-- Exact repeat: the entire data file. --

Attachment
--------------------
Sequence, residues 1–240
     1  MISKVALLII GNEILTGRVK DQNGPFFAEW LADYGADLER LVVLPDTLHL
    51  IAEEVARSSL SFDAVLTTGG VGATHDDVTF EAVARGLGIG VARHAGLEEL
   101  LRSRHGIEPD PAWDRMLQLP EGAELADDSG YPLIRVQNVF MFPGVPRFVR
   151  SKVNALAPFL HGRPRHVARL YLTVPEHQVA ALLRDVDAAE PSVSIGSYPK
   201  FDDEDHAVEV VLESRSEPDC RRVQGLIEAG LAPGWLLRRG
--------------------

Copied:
Sequence, residues 1–240
     1  MISKVALLII GNEILTGRVK DQNGPFFAEW LADYGADLER LVVLPDTLHL
    51  IAEEVARSSL SFDAVLTTGG VGATHDDVTF EAVARGLGIG VARHAGLEEL
   101  LRSRHGIEPD PAWDRMLQLP EGAELADDSG YPLIRVQNVF MFPGVPRFVR
   151  SKVNALAPFL HGRPRHVARL YLTVPEHQVA ALLRDVDAAE PSVSIGSYPK
   201  FDDEDHAVEV VLESRSEPDC RRVQGLIEAG LAPGWLLRRG